The pancreas is a pear shaped gland stretching lengthwise across the abdomen between the spine and the stomach. The pancreas has two major functions. It releases hormones into the bloodstream, most notably insulin, and also produces enzymes, which break down fats and proteins to help digest food. Ducts carry the enzymes through the pancreas to the common bile duct, where they are emptied into the small intestine. The most common place for cancer to occur is in the ducts that transport enzymes to the small intestine. Cancer also arises in the skin or tissue of the pancreas, as well as in the cells that make hormones.
- Most patients are over the age of 50
- Men are more frequently diagnosed than women
- Cigarette smokers are two to three times more likely than nonsmokers to develop pancreatic cancer
- Family history of pancreatic, colon or ovarian cancer, diabetes, and chronic pancreatitis
- African-Americans are more likely to get pancreatic cancer
- Exposure to some chemicals
- Diet high in fats
Pancreatic cancer, early on, particularly is difficult to detect and treat because it exhibits very few notable symptoms. Those who suffer from pancreatic cancer may experience of the following:
- Loss of appetite
- Nausea and vomiting
- Pain in the upper abdomen and back
- Jaundice, a condition causing darkened urine or yellow eyes and skin
Dectection and Diagnosis
To determine if the patient has pancreatic cancer, a number of different procedures are performed.
A physical examination usually is the first step towards diagnosis. When a patient exhibits symptoms, the physician will feel the abdomen for changes in the area around the pancreas, liver, and gallbladder and for abnormal fluid swelling in the abdomen, called ascites. Blood, urine and stool samples may be checked for bilirubin, a buildup which can occur from the blockage of the common bile duct by a tumor. Tumor markers, proteins that appear in the blood at the time of cancer, can be helpful for diagnosis and follow-up.
A computerized tomography (CT) scan is a type of x-ray that can take very detailed pictures. The CT scan is used to detect tumors in the pancreas, lymph nodes, and liver, in addition to detecting a blocked bile duct. When having a CT scan the patient, lying down, is slowly slid through a ring, which takes pictures in sequence. A contrast dye is injected through an IV so internal structures can be seen more clearly on the resulting pictures. Together, the pictures create a thorough internal image of the body.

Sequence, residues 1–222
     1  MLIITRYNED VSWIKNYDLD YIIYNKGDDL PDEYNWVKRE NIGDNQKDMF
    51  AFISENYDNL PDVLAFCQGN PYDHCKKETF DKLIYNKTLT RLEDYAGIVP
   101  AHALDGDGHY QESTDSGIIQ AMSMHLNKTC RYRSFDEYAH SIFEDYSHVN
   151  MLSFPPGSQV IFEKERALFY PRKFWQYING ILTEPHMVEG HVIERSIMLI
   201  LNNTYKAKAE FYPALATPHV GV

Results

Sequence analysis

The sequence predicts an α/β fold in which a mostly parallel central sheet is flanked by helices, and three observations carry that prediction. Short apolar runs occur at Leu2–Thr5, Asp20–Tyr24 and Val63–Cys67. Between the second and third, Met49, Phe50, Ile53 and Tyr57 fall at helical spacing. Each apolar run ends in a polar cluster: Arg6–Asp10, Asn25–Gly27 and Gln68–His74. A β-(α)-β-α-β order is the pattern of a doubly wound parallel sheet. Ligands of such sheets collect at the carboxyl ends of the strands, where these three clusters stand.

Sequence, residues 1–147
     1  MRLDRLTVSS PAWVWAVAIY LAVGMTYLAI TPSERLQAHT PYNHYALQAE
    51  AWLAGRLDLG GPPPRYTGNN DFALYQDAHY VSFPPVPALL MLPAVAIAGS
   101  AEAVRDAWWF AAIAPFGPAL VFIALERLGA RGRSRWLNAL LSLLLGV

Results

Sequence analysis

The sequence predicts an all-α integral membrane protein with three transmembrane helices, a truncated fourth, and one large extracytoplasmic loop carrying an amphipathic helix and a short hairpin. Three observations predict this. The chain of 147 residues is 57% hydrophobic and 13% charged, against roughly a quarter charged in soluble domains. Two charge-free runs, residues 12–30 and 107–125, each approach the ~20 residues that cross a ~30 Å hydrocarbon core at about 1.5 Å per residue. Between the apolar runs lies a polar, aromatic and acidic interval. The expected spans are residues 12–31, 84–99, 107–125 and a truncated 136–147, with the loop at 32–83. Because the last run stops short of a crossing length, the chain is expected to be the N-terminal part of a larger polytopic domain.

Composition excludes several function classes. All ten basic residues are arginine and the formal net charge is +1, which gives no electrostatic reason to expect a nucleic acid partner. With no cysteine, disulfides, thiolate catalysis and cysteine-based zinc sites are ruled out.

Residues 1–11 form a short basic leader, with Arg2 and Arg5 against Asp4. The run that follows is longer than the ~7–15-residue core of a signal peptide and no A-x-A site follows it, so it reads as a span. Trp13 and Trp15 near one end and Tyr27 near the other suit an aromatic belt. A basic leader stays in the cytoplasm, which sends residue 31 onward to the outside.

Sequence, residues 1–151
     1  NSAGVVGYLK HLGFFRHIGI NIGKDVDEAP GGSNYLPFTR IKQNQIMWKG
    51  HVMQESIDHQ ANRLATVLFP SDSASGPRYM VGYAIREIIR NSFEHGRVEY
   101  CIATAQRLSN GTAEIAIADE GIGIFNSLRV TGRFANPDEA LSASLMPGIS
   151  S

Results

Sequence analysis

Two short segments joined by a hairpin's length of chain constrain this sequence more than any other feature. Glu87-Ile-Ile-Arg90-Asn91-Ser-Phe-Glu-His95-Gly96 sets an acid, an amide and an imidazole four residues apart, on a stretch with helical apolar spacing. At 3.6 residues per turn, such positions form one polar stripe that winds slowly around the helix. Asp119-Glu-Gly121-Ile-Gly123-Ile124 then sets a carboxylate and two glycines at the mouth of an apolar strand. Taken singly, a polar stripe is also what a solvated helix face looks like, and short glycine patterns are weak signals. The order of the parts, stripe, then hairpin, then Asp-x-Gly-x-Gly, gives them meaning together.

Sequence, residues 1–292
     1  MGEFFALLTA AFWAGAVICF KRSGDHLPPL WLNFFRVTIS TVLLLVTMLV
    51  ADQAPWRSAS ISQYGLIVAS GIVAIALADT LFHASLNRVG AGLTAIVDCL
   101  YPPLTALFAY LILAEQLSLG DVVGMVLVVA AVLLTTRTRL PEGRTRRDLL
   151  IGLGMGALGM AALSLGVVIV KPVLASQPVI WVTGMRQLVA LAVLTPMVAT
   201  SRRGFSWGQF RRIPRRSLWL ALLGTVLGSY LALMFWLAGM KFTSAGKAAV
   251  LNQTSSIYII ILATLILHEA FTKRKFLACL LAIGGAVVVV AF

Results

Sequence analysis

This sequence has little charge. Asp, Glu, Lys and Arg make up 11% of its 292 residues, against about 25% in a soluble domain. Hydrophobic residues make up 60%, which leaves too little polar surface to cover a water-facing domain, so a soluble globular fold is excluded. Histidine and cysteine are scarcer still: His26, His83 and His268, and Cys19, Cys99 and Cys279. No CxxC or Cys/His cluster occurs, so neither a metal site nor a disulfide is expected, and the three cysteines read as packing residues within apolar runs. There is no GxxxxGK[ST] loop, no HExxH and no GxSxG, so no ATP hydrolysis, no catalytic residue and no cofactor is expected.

An ultrasound utilizes inaudible sound waves, which bounce off internal organs and create a picture of the internal body. Two kinds of ultrasound procedures are employed at the possibility of pancreatic cancer: external or internal. Externally an ultrasound device is placed on the abdomen, which is referred to as a transabdominal ultrasound. Internally, in an endoscopic ultrasound (EUS) an endoscope, or a thin tube with an ultrasound device at the end, is inserted into the body via the mouth through to the small intestine. An ultrasound device is at the end of the tube.
In an endoscopic retrograde cholangiopancreatography (ERCP), an endoscope, or thin tube, is passed through the body through the mouth. The physician can see through the tube as it is pushed towards the small intestine, where then a smaller tube, called a catheter, is inserted through the endoscope. The catheter releases harmless dye that outlines the structure of the ducts. An x-ray is taken showing whether the ducts are blocked or narrowed.
In a percutaneous transhepatic cholangiography (PTC), harmless dye is injected to the liver through the skin. An x-ray is taken showing if or where there are blockages in the bile ducts, which can indicate tumorous growth.
In a biopsy, a piece of tissue is extracted from the pancreas and examined under a microscope by a pathologist. The tissue can be removed with a needle, during an ERCP or an EUS, or during an operation on the abdomen.
PET scans are now used often to determine if the cancer can be removed surgically.
Surgery, radiation therapy, chemotherapy, or a combination of treatments are used for cancer of the pancreas. If the tumor is small enough, surgery can remove the tumorous growth. If the cancer is too widespread to remove it in its entirety, palliative surgery, radiation therapy and chemotherapy can relieve the patient of symptoms. Talk to your doctor about the best possible treatment options for your specific case.
Whipple procedure: often used for tumors in the widest portion of the pancreas. The head of the pancreas, the bile duct, the gallbladder, a portion of the small intestine and the stomach are removed. Whipple procedures are commonly used when there is hope for a complete cure. In a distal pancreatectomy, the body and tail of the pancreas are removed by the surgeon. In a total pancreatectomy a portion of the small intestine, part of the stomach, the common bile duct, the spleen and some lymph nodes in addition to the entire pancreas are removed.
Surgery can also relieve blockages of the bile duct and duodenum without removing tumors. A bypass or stent, a plastic or metal tube, can keep pathways propped open.
Radiation therapy kills cancer cells with intense x-rays aimed only at the cancerous growth. Radiation can be emitted from outside the patient's body, or radioactive materials can be placed internally to the targeted area. Side effects from radiation therapy include loss of appetite, fatigue, nausea, vomiting and problems with digestion.
Chemotherapy involves taking drugs which kill cells that are growing rapidly, thus noncancerous cells can be killed as well. Side effects vary by type of drug but in general, hair loss, nausea, vomiting, diarrhea, loss of appetite, sores on the mouth and the lips and a lower resistance to infection are expected.